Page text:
National Railroad Passenger Corporation v. Morgan, 536 U.S. 101, 15 (2002)

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Cite as: 536 U. S. 101 (2002)

Opinion of the Court

ager.8 Id., at 1013. All prior discrete discriminatory acts are untimely filed and no longer actionable.9


Hostile environment claims are different in kind from discrete acts. Their very nature involves repeated conduct. See 1 B. Lindemann & P. Grossman, Employment Discrimination Law 348-349 (3d ed. 1996) (hereinafter Lindemann) ("The repeated nature of the harassment or its intensity constitutes evidence that management knew or should have known of its existence"). The "unlawful employment practice" therefore cannot be said to occur on any particular day. It occurs over a series of days or perhaps years and, in direct contrast to discrete acts, a single act of harassment may not be actionable on its own. See Harris v. Forklift Systems, Inc., 510 U. S. 17, 21 (1993) ("As we pointed out in Meritor [Savings Bank, FSB v. Vinson, 477 U. S. 57, 67 (1986),] 'mere utterance of an . . . epithet which engenders offensive feelings in a[n] employee,' ibid. (internal quotation marks omitted), does not sufficiently affect the conditions of employment to implicate Title VII"). Such claims are based on the cumulative effect of individual acts.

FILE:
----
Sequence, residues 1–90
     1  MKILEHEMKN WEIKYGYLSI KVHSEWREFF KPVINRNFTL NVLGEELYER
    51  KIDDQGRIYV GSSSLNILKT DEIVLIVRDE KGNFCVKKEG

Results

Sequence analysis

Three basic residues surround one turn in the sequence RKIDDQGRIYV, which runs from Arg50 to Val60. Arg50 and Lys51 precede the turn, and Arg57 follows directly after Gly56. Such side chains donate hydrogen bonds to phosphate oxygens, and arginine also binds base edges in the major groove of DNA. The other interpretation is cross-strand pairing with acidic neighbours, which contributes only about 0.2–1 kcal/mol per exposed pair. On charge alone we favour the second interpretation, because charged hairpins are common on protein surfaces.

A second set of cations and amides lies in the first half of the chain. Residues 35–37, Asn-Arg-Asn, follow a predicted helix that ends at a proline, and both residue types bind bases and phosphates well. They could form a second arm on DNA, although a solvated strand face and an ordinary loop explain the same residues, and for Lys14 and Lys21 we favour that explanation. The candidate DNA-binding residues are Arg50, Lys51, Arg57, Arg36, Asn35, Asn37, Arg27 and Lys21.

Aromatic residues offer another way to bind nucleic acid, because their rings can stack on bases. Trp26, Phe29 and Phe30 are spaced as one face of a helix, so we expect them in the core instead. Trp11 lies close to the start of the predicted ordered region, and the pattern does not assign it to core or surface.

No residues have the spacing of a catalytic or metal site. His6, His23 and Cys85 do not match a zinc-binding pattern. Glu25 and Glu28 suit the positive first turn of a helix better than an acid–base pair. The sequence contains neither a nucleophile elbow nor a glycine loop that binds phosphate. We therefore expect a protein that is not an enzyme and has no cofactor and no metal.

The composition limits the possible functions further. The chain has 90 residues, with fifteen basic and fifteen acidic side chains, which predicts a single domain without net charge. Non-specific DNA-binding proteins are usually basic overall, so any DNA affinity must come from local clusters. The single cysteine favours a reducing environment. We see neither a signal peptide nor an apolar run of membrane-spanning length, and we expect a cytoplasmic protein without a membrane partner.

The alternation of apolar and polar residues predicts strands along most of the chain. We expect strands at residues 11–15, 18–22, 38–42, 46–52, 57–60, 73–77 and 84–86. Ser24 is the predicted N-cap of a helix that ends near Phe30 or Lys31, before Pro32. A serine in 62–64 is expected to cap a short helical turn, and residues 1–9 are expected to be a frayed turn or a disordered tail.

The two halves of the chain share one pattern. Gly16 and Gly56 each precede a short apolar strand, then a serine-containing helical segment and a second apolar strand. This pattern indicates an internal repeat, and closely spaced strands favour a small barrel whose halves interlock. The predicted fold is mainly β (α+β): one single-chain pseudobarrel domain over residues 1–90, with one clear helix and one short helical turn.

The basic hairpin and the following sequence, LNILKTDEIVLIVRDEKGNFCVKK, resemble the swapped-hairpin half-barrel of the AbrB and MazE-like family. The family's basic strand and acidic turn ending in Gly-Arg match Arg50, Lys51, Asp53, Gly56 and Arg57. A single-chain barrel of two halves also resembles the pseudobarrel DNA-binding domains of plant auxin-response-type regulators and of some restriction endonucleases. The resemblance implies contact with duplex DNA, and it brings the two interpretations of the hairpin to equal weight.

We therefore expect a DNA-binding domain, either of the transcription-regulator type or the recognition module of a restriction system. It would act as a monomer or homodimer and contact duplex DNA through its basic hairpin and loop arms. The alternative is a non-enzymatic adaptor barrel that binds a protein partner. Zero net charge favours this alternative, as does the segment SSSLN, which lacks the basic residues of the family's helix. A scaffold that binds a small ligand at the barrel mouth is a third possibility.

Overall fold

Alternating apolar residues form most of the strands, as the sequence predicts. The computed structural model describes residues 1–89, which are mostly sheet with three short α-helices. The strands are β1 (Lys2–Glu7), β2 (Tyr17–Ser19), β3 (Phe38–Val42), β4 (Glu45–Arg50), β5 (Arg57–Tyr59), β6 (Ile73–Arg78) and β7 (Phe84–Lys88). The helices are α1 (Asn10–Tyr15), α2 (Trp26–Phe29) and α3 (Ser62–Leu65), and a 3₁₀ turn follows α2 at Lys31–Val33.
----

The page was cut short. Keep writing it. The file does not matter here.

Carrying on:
"We have repeatedly made clear that although [Title VII] mentions specific employment decisions with immediate consequences, the scope of the prohibition 'is not limited to "eco-8 The final alleged discriminatory act, he contends, led to his termination on March 3, 1995. Morgan alleges that after the manager reported that Morgan had threatened him, he was ordered into a supervisor's office. Then, after he asked for union representation or the presence of a co-worker as a witness, the supervisor denied both, ordered everyone out of the office, and yelled at Morgan to get his "black ass" into the office. Morgan refused and went home. He was subsequently suspended and charged with violations of two company rules and, following an investigatory hearing, terminated.

9 We have no occasion here to consider the timely filing question with respect to "pattern-or-practice" claims brought by private litigants as none are at issue here.


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